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Chickasaw Plum

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Hello Gardeners, I’m Amanda McNulty with Clemson Extension and Making It Grow. A much less noticeable member of the genus prunus which is native to South Carolina is Prunus angustifolia, with the common name of Chickasaw plum. In South Carolina, we find it in mixed stands growing in medium to dry soils, often in dense thickets. It has good tolerance to drought, and in its western range is extremely important as a food and shelter source for animals. You wouldn’t want to try to walk through a stand of these plums are they are very twiggy as they naturally form colonies from numerous root sprouts.  Their flowers support pollinators and many animals, both birds and mammals use it for nesting or shelter. When thickets of it grow where beef cattle graze, the USDA Natural Resources fact sheet reports those animals gain more weight compared to cattle which aren’t able to take shelter in the shade.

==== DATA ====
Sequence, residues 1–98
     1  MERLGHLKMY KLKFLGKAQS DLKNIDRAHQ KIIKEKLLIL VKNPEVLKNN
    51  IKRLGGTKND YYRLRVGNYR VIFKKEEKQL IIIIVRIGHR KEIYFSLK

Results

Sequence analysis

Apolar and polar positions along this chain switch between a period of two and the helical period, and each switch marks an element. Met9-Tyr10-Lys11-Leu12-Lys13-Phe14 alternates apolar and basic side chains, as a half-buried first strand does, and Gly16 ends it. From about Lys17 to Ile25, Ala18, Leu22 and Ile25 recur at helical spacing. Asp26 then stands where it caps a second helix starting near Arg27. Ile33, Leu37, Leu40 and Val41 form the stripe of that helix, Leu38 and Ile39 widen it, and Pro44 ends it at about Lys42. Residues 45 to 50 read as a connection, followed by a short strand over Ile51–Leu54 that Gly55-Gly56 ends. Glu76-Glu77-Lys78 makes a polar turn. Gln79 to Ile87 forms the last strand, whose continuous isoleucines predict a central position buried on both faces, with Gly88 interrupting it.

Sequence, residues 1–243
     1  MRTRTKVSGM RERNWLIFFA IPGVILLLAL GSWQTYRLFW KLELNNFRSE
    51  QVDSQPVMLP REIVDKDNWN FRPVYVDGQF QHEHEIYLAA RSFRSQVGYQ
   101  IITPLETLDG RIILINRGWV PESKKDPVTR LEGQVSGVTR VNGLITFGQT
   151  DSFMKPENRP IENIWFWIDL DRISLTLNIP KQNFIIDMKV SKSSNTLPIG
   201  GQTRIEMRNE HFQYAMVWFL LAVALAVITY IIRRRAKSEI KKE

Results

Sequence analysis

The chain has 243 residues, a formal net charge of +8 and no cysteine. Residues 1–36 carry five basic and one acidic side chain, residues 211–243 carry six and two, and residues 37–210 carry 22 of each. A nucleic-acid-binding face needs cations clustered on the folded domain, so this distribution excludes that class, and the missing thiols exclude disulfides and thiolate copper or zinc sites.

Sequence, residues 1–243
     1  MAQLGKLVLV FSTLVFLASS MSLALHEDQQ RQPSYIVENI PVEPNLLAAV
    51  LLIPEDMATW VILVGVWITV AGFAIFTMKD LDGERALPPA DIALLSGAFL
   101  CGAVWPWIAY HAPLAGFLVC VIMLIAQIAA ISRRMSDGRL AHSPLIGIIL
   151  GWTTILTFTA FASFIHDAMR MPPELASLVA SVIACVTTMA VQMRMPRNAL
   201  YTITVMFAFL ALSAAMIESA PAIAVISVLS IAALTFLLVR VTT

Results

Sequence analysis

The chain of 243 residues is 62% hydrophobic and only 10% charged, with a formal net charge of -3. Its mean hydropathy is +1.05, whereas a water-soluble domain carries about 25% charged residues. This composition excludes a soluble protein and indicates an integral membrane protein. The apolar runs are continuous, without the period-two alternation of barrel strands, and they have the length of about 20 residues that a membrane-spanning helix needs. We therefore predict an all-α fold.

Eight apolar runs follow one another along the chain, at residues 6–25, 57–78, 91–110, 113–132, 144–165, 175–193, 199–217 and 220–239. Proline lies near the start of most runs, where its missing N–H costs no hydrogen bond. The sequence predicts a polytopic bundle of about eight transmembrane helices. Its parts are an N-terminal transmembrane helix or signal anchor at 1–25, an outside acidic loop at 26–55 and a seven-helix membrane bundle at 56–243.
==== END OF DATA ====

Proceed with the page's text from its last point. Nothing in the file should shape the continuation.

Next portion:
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Amanda McNulty is a Clemson University Extension Horticulture agent and the host of South Carolina ETV’s Making It Grow! gardening program. She studied horticulture at Clemson University as a non-traditional student. “I’m so fortunate that my early attempts at getting a degree got side tracked as I’m a lot better at getting dirty in the garden than practicing diplomacy!” McNulty also studied at South Carolina State University and earned a graduate degree in teaching there.